1 Seeing the crowds, he went up on the mountain, and when he sat down, his disciples came to him.
2 And he opened his mouth and taught them, saying:
3 “Blessed are the poor in spirit, for theirs is the kingdom of heaven.
4 “Blessed are those who mourn, for they shall be comforted.
5 “Blessed are the meek, for they shall inherit the earth.
6 “Blessed are those who hunger and thirst for righteousness, for they shall be satisfied.
7 “Blessed are the merciful, for they shall receive mercy.
8 “Blessed are the pure in heart, for they shall see God.
9 “Blessed are the peacemakers, for they shall be called sons of God.
10 “Blessed are those who are persecuted for righteousness’ sake, for theirs is the kingdom of heaven.
11 “Blessed are you when others revile you and persecute you and utter all kinds of evil against you falsely on my account. 12 Rejoice and be glad, for your reward is great in heaven, for so they persecuted the prophets who were before you. (Matthew 5:1-12)
This morning we get down to the last two verses in the Beatitudes, verses 11 and 12. For all that has been said, there is so much more that could be said. I love that about the Bible. It is rich and gives wisdom and understanding to those who desire it, and yet we cannot ever say that we have learned all there is to learn from any particular passage. It keeps teaching us, God keeps teaching us by His Spirit as we read and study it.
And so as we near the end of this series of messages from Matthew 5:1-12, we cannot say we have exhausted what is in it, but I hope we can say, “God has taught me a great deal about who I am in Christ and how I can live for Him by His grace, in His power and in His strength.”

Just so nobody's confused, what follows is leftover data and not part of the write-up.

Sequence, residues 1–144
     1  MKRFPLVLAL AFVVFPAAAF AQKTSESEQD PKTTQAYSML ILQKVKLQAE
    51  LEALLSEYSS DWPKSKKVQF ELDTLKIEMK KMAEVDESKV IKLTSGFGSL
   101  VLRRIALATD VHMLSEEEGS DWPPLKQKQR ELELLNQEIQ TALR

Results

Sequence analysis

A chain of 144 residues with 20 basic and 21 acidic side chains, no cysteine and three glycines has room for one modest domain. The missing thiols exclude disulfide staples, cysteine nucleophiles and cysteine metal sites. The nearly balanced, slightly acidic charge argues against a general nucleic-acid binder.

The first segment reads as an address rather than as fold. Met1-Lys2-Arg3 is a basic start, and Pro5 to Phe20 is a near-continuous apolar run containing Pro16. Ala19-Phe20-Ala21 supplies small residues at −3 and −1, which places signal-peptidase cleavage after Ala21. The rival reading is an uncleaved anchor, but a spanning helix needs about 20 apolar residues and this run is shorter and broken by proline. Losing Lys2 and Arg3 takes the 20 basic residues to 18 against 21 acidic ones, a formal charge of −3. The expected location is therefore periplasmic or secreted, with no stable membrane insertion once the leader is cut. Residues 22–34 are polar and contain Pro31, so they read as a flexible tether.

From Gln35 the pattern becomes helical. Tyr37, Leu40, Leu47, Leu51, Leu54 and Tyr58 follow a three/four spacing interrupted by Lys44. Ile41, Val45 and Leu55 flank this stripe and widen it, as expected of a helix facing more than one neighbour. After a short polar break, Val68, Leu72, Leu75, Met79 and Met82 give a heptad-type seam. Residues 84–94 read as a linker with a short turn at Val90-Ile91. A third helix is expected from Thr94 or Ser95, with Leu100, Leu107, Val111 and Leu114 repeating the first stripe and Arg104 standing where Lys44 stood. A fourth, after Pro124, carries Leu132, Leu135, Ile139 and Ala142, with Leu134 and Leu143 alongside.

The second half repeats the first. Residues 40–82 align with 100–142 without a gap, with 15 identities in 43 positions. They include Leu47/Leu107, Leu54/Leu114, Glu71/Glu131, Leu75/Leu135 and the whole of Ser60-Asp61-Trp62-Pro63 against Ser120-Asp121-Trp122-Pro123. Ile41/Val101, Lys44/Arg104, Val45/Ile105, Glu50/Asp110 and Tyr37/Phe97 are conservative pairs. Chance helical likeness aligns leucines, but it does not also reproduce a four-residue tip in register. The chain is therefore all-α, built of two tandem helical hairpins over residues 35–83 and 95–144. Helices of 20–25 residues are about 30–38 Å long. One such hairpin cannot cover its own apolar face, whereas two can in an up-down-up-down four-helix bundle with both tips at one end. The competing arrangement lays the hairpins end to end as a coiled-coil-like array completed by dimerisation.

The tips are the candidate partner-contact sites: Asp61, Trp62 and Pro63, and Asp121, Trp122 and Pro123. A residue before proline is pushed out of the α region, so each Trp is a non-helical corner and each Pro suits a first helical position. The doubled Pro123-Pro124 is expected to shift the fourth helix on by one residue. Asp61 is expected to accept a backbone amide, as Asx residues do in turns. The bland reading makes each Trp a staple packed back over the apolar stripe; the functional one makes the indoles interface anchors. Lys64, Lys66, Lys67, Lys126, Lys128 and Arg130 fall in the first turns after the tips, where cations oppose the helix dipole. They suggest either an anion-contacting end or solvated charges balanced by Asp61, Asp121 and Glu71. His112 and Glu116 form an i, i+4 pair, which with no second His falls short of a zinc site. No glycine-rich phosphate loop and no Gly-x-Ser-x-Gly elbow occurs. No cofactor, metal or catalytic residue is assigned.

One thing that I hope we have all seen in this is that the Christian person is different than the non-Christian. God’s ways are so contrary to the natural person’s ways that he or she should be recognized as different. A Christian who lives according to the Beatitudes will stand in contrast to and at odds with most of the world. I think any of us can stand back and say, “Well, I’m not sure I am that different than the lost people around me.” That is a confession that many of us may make. But if we are to be objective and look honestly at the Beatitudes, I think we can all agree that the person who is living like that, they will be different. My hope is we will be that person. That God will so work in our lives that we will be ones described as fitting Matthew 5:1-12.
We were not created and saved to swim in the main stream. Christ did not come and die for you or for me so that we can walk in the broad way with the majority of people around us. God did not send His only Son and pour out His wrath on His only Son so that we can fit in with the crowd.